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The New Zealand Railways Magazine, Volume 3, Issue 9 (January 1, 1929)

The Romance of the Rail (Continued)

page 50

The Romance of the Rail (Continued)

A Descriptive and Historical Story of the North Island Main Trunk Railway

From Rauparaha's Day.

Otaki is the most historical place on the coast. The rail-line keeps to the east side of the “pakeha-Maori” town. Here a large section of the Ngati-Raukawa tribe has lived for about a century, ever since the great fighting migration southward from the Waikato.

The model of the express engine which was so popular a feature of the Transportation Pageant held recently in Wellington.

The model of the express engine which was so popular a feature of the Transportation Pageant held recently in Wellington.

There are carved houses in the old settlements, and there is a partilarily interesting church, the old Maori whare kara-kia, called “Rangi-atea.” The name is a poem and a history in itself, for it embodies a memory of the ancient home of the race in the Eastern Pacific, Rangiatea is synonymous with Ra'iatea Island, near Tahiti; and the name was given to a sacred altar of the Tainui migration. The church, built nearly eighty years ago, has a European exterior, but the interior is Maori architecture adapted to church needs. Mastlike round totara pillars, 40ft. high, support the massive ridge pole. These whole tree trunks were cut at Ohau by Maori artisans and floated by river and sea to Otaki. The ridge pole and rafters are painted in Native scroll patterns. Opposite the church stands a monument to the great Rauparaha; he died here in 1849, and was buried on Kapiti Island.

There is a Maori college of historic association near “Rangiatea.” It dates back to the days of Bishop Octavius Hadfield, one-time Primate of New Zealand. Hadfield settled here in 1839 as a young missionary, and acquired great influence among the Maoris. The land for the Native school was given by the Ngati-Raukawa tribe. Selected boys from Rarotonga and other South Sea islands as well as Maoris are educated here.

Waikanae, “Mullet River,” the next station, is a pretty place, with its mingling of indigenous vegetation and exotic trees and flowers. The steep-wooded foothills of the Tararua Range rise close to the line.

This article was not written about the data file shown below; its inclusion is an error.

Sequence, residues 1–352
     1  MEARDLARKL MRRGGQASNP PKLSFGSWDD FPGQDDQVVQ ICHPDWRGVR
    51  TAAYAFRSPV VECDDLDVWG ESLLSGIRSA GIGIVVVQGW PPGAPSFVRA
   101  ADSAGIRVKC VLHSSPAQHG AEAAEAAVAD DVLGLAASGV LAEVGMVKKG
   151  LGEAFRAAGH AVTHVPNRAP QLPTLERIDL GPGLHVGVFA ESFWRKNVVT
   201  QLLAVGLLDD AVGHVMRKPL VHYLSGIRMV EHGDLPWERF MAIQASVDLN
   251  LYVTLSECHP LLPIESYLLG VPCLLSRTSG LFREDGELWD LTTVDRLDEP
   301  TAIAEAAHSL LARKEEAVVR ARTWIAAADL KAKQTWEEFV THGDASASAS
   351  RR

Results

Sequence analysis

Another pretty place on this part-wooded littoral between mountains and sea is Para-paraumu—a name, by the way, very much mangled in European pronunciation. Many Wellington people have summer-time bungalows and camps here.

Kapiti Island.

Hereabouts, as the west coast is closely approached, the traveller has glimpses of a high hump-backed island looming blue over the nearer changing scenes of green pastures and native tree groves. At Paekakariki and thence to Pukerua there is an uninterrupted view of the island. This is famous Kapiti. once a Maori fortress isle, now a State sanctuary for native birds. The island, about six miles in length, with an average width of a mile and a half, has an area of about 5,000 acres, nearly half of which is covered by native forest.

page 51

One time a piratical cannibal stronghold of Te Rauparaha, later an early-days whaling station, Kapiti is the centre of a hundred dramatic stories. The summit (1,780ft) of the island is Titeremoana (a good name; it means “Look out over the Ocean”); it was the olden Maoris' sentry peak, where they watched for invading war-canoe fleets.

By Coast and Hill to Wellington.

So on from Paekakariki, through a series of short tunnels in the rocky cliffs high above the surf-beaten rough shingle beach. “Pae-kakariki” means a perch or snare used for catching the green parakeet. The top of the steep range above was called of old Te Pae-o-te-rangi. “The Pillow of Heaven”—say, sky-top.

On the Northern Section. (Photo, W. W. Stewart) Departure of special express train from Auckland.